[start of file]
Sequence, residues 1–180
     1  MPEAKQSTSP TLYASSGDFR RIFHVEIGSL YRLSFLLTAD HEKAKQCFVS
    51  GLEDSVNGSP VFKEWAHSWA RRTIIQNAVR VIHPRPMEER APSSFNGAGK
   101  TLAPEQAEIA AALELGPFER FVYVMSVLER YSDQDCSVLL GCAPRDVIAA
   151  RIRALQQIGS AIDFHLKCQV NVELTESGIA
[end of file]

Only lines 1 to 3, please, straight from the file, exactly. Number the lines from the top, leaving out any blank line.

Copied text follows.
Sequence, residues 1–180
     1  MPEAKQSTSP TLYASSGDFR RIFHVEIGSL YRLSFLLTAD HEKAKQCFVS
    51  GLEDSVNGSP VFKEWAHSWA RRTIIQNAVR VIHPRPMEER APSSFNGAGK